by Greg Mills

With bits of information the Mac rumor mill conjures up both interesting and unlikely product ideas. Historically, Apple can be expected to repeat product concepts over time and improve them as technology allows. We can know what Apple has been thinking recently by what it has shown us in the past.

Consider that the Newton was a forerunner of the iPhone, iPod and iPad. The Newton was ahead of its time and not supported by the modern parts we see today. In many respects, it is sort of like the helicopter, which was invented by Leonardo Da Vinci 400 years before the internal combustion engine, which was required to actually make it fly. Sometimes ideas are too far ahead of the general development of technology and thus can’t be done in their day. But given time …

To an extent, the Apple TV suffers from the “ahead of it’s time” syndrome. Internet pass-through speeds have been a bottleneck, but that’s getting better. Remember when the term WWW was understood as World Wide Wait? Now we expect fast Internet in which the information comes in a what was considered blinding speed on a few years ago. The FCC is pushing for really high speeds everywhere sooner than later. You can be sure Apple is watching the developments closely.

The high definition interface, 1080p is the current gold standard for HDTV displays. There are lesser formats that still offer digital video but a half the density of the higher standard, but at half the data required. The lesser standard was considered a compromise that offered really good pictures but still downloaded in a reasonable period. Apple TV uses the lesser standard and doesn’t have a decent DVR control system to manage the home video, across the board. A lot of us Apple folks are holding off purchasing an Apple TV, anticipating further development and full HDTV and DVR functions.

Personally, I hate the controller clutter around the TV. We have a TV controller, a sound controller. a Dish Network DVR controller and a Sony Playstation controller. Ask “Has anyone seen the remote?” and the answer is “Which one?”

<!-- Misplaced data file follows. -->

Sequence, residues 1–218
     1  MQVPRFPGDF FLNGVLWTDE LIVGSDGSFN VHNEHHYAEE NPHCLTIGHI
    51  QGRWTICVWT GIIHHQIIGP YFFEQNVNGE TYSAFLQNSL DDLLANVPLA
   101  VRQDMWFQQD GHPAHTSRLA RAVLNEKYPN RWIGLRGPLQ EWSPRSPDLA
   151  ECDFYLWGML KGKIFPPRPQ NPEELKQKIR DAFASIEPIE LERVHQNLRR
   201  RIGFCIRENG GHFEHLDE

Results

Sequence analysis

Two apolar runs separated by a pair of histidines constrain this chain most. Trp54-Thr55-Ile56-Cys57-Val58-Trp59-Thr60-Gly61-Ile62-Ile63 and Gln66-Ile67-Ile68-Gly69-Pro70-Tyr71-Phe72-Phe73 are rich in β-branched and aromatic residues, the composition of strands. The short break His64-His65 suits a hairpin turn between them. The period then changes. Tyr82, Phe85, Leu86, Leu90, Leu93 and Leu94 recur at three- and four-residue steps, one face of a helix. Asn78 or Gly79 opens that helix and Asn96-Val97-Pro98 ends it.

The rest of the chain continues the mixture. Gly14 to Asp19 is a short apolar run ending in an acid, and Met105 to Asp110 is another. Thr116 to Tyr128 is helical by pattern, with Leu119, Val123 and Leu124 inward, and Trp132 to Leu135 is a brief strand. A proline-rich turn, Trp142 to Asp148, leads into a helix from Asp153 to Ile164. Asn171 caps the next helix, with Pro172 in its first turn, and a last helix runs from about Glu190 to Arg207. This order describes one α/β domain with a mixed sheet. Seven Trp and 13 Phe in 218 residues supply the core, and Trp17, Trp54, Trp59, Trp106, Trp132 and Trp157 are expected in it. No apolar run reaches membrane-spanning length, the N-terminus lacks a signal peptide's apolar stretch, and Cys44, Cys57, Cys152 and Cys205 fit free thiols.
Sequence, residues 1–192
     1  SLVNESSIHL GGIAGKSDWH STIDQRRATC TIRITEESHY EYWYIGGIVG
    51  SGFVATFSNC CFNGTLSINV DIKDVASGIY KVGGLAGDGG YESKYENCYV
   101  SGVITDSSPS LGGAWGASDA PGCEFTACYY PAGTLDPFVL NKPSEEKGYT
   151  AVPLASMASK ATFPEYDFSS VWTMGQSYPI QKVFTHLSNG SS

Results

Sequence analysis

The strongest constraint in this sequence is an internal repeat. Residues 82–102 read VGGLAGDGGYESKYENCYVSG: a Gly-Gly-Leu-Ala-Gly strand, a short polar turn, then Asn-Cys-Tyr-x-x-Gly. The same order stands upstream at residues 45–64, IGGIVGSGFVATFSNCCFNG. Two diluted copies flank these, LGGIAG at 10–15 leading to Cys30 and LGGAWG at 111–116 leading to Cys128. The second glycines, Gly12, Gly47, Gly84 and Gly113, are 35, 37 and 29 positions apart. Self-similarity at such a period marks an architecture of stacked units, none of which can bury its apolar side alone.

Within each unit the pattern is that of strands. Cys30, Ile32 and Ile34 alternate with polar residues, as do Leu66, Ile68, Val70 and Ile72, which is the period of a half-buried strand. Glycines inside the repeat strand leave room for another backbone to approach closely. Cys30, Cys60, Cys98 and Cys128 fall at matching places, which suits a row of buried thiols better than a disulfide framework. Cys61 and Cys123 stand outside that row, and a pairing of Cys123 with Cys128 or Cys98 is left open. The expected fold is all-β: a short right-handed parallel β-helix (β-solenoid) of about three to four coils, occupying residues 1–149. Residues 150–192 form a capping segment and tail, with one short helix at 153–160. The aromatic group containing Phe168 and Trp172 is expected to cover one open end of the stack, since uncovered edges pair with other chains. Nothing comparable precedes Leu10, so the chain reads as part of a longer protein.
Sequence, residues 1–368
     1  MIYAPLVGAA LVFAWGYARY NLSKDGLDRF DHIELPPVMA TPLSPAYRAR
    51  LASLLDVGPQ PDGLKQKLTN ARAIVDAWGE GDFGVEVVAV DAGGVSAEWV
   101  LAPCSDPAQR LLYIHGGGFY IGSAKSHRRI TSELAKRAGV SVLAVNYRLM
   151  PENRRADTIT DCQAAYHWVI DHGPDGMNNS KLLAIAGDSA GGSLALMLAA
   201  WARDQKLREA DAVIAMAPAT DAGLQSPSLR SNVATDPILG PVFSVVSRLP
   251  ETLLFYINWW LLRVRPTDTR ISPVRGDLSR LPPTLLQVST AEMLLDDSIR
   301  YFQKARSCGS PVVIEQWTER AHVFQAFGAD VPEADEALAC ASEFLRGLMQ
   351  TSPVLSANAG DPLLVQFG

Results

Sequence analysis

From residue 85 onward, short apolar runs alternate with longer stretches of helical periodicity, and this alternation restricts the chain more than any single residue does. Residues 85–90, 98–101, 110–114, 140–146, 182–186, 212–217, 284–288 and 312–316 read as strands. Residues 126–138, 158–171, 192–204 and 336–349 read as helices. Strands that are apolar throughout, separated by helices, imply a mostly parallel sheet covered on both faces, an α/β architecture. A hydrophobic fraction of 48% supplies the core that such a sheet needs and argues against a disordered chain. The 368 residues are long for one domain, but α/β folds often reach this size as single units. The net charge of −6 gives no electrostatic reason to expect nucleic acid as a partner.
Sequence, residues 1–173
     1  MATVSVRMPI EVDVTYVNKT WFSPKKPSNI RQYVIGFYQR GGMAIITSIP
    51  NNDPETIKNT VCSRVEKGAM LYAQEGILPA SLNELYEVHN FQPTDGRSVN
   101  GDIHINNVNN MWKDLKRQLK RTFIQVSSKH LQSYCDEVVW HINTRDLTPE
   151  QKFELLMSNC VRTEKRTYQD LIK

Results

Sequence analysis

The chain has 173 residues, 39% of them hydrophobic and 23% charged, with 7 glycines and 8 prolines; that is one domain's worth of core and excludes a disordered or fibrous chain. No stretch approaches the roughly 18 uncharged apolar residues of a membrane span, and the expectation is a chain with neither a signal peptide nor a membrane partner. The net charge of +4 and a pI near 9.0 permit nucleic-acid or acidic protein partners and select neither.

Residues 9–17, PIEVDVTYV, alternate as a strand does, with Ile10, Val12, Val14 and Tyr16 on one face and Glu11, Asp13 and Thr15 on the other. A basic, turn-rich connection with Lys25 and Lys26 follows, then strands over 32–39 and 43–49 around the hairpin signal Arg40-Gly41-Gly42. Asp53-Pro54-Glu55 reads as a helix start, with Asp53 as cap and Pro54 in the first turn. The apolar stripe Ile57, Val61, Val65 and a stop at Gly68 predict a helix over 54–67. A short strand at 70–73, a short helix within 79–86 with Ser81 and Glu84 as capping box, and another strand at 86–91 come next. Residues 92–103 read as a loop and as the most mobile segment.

Apple is secretive for very good reasons, so we can only speculate on what the next “one last thing” might be. Killing off Microsoft, while it has its pants down by offering OS X for any PC or stealing NetFlix’s bacon sound dramatic enough to solicit the recent, cryptic comment, “you won’t be disappointed,” from Steve Jobs.

Imagine a box the size of an iPhone that amounts to an ethernet modem with HDMI ports. With a remote that operates on BlueTooth or controlled by an iPad, iPhone, iPod touch or Mac over WiFi. Then imagine just about every movie or TV show that has ever been shot mounted on servers at the new server farm Apple is building. Short sell Blockbuster and NetFlix.

Combine the hardware explained above with software only Apple can produce that runs on anything Apple and perhaps even on a PC that would allow you to search and play back over the internet any content you want in full HD. Store it with a USB hard drive hooked up to the new Apple TV modem for future viewing or see it as it comes in, buffered to allow your system to store the data stream a few minutes ahead of the TV display. Now you have something really neat. Next, imagine a monthly cost that is cheaper than cable TV, Dish or other content providers, and you have a market that would interest Apple.

If you consider the lousy service, high cost and customer dissatisfaction of cable and satellite TV suppliers, you have the sort of situation Apple looks for. A well established market with enough money in it to make the bank account sing, technology that can be leapfrogged by thinking different and industry wide software that sucks, that can be replaced by Apple’s software eye candy, is the combination of factors that make Mr. Jobs lose sleep.

The numbers are awful when one considers customer satisfaction with current TV content suppliers. can recall numerous spats I had with DirecTV before I dumped them and burned their boxes with glee. I also recall the crappy software TimeWarner provides on its DVR. Apple could fix all that.

The final piece of the puzzle is games. Could Apple get serious about providing games for HDTV? As always, there are a lot more questions than answers, and we will have to wait for the next “one last thing” announcement. Despite the recent roll-out of the iPad, Apple is big enough to have more than one blockbuster product in the final states of development. My money is on the “hobby” Apple TV being taken seriously at last — tiny footprint or not.

(Greg Mills is currently a Faux Artist in Kansas City. Formerly a new product R&D man for the paint sundry market, he holds 11 US patents. He’s working on a solar energy startup using a patent pending process of turning waste dual pane glass into thermal solar panels used to heat water. Married, with one daughter still at home, Greg writes for intellectual web sites and Mac related issues. See Greg’s web sites at . He can be emailed at gregmills.mac.)